• @warren: if you include hobbyists, then the number is likely much bigger than 10 million. All this does is reinforce the argument.
    – Ira Baxter
    Commented Oct 8, 2009 at 14:46

4 Answers 4


The rate at which questions are being asked doesn't seem to have grown exponentially, which would be the worrying thing IMO. Indeed, as SO gains more and more questions, there will be more and more "cache hits" when someone goes to ask a question to start with.

(There are graphs of this somewhere - I'll look for them in a minute.)

To my mind it's still working - if I've been away for a few hours, most of the recent-ish questions I look at seem to have good answers. There's a problem in terms of keeping old questions up-to-date (as new technologies arrive which solve them in a different way) but I think that's due to time rather than question volume.

  • 3
    It isn't exponential growth rates that kill you. It is the mean distance between the questions you see, and the questions you care about. Once that gap gets large enough, everything looks like noise and you stop caring. And the older questions/answers, which is where one hopes the value is cached, get correspondingly hard to find. If one believes that there's an infinite variety of questions, I don't see how you avoid this. If the variety isn't infinite, some way to cull the redundant ones needs to be found.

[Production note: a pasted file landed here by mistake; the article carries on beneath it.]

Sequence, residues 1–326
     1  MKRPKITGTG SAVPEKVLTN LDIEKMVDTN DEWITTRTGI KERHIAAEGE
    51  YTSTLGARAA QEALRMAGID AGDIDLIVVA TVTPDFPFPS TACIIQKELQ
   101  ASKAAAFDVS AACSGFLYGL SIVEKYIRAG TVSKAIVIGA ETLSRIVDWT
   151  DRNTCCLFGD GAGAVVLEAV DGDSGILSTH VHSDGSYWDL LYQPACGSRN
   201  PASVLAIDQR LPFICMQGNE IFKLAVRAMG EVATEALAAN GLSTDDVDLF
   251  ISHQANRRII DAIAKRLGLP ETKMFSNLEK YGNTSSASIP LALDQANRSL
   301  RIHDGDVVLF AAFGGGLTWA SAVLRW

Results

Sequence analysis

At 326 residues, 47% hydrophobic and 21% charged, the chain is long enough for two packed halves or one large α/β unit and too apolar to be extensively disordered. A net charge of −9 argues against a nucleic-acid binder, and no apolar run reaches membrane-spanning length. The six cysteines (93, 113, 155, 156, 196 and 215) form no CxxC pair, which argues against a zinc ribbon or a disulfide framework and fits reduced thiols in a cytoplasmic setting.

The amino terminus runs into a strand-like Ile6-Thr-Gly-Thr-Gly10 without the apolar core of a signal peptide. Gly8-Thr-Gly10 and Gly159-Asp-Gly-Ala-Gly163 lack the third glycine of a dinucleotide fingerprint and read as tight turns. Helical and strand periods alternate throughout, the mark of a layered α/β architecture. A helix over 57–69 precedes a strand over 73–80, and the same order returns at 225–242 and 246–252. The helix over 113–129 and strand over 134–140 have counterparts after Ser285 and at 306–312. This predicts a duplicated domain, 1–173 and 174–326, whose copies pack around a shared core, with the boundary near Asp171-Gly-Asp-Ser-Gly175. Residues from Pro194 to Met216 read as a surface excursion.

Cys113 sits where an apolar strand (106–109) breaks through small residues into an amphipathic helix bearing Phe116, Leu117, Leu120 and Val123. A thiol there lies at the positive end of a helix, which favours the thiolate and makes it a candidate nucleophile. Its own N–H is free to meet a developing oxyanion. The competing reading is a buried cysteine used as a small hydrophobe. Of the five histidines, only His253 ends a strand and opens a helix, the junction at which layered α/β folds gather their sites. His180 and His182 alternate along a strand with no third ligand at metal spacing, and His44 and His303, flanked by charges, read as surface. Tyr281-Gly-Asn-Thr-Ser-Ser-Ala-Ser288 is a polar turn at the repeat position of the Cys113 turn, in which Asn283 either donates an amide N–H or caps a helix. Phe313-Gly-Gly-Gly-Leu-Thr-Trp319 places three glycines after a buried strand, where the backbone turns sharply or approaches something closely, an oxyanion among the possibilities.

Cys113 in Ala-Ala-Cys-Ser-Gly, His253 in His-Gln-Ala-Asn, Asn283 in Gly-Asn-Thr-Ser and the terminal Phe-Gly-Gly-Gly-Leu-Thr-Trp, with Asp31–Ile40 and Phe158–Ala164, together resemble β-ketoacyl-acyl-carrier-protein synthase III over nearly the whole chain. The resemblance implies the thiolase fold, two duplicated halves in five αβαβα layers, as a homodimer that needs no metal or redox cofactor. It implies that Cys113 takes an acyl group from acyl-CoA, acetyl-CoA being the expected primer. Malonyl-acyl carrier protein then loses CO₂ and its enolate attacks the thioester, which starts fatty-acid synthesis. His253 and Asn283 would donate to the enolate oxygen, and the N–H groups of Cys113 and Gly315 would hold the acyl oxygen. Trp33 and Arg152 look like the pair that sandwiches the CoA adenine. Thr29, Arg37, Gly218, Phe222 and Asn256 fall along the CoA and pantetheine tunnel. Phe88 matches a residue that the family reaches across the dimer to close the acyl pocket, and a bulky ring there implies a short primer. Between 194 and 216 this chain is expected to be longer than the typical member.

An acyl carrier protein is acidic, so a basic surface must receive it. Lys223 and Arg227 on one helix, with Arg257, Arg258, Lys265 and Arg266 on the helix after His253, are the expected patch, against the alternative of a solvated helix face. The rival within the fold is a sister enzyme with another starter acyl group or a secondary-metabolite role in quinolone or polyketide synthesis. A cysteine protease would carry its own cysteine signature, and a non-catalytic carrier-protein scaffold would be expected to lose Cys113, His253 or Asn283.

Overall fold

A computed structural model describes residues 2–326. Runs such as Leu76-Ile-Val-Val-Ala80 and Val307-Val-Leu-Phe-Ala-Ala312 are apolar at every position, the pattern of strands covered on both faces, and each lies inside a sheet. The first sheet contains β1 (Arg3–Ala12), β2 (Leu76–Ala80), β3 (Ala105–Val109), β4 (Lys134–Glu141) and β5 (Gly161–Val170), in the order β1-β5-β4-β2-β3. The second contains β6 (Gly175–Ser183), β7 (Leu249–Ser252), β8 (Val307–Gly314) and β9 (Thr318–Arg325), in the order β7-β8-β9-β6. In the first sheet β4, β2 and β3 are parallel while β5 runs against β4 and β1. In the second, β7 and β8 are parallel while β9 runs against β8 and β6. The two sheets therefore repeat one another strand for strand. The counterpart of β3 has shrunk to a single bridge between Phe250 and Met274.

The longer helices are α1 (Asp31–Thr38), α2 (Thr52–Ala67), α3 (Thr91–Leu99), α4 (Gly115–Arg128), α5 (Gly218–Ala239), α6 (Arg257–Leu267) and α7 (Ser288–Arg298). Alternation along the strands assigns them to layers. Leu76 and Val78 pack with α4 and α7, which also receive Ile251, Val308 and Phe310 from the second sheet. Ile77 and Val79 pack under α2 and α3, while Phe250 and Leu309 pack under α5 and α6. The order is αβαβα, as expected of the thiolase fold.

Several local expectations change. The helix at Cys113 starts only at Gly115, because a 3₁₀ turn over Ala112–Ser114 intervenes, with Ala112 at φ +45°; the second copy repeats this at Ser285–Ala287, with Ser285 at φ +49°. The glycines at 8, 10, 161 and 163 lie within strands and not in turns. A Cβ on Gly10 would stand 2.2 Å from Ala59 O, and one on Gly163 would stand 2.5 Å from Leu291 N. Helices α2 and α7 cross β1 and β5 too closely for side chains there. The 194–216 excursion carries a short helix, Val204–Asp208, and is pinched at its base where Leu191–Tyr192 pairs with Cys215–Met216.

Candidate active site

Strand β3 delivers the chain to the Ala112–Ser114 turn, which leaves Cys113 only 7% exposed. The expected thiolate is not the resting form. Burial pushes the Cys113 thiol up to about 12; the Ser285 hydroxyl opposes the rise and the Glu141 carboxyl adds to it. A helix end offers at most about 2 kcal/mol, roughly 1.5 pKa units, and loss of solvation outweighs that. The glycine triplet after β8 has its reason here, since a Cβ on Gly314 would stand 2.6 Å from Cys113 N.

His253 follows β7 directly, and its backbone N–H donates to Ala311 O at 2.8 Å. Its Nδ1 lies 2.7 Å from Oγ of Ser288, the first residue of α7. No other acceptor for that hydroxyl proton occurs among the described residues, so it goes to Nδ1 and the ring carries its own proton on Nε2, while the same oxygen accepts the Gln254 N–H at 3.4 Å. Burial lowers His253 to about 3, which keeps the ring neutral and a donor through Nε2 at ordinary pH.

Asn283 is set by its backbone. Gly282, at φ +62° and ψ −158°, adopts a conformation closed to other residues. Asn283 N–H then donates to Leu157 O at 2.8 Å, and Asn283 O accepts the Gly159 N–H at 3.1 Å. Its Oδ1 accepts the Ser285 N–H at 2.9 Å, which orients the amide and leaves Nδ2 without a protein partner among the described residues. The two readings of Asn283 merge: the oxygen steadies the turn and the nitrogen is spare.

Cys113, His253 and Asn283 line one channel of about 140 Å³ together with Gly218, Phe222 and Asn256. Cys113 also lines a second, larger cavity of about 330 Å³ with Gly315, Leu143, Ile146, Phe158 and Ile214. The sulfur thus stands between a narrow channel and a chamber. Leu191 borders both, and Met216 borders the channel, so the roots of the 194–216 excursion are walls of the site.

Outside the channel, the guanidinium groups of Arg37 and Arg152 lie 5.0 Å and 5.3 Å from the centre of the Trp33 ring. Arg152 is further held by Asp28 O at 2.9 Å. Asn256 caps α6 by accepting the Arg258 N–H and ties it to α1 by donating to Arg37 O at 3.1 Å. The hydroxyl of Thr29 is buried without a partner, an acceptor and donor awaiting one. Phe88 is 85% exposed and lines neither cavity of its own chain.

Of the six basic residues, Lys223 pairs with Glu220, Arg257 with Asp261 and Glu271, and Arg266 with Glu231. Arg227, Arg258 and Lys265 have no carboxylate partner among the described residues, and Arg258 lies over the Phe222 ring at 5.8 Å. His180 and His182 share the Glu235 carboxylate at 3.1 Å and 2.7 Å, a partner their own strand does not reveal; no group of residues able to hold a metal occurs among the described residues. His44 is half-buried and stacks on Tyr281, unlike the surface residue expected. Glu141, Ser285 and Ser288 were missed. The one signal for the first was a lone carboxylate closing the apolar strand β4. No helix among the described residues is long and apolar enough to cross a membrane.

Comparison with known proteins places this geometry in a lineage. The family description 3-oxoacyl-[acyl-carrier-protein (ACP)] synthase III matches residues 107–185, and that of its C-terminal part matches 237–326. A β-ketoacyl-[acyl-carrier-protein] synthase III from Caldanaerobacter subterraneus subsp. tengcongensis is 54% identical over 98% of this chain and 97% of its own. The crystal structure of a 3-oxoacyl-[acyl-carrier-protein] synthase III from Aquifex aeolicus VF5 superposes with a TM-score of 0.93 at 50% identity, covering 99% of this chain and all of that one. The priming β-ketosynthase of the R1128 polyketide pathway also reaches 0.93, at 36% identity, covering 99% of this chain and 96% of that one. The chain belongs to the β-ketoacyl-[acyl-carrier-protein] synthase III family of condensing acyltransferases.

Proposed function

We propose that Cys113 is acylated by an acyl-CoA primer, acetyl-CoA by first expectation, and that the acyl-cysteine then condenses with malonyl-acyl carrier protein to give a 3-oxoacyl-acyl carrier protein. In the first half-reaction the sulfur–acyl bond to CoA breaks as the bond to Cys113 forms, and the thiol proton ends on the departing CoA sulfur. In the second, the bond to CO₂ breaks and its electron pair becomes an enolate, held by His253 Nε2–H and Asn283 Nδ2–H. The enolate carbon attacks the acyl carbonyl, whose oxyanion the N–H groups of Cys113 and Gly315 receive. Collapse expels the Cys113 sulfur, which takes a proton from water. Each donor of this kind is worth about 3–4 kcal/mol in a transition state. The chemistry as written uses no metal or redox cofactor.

– Ira Baxter
    Commented Oct 8, 2009 at 14:11
  • (May 10, 2010) I never did see those graphs. Now we're up to 650,000 questions.
    – Ira Baxter
    Commented May 11, 2010 at 0:56
  • @Ira: No, I don't think I found them. Still, questions still seem to get answered...
    – Jon Skeet
    Commented May 11, 2010 at 3:59
  • true, lots seem to get answered. But I'm personally beginning to see exactly the phenomenon I suggested two comments above this: a couple of days go by before I see a question I care about, even fishing with tags. And (gut feel), many of the questions in the top 10 pages of questions seem to have scores like 0/0 or 0/1. It would be interesting to see graphs of score rate change vs age on recent questions, vs. the same on older questions.
    – Ira Baxter
    Commented May 15, 2010 at 7:08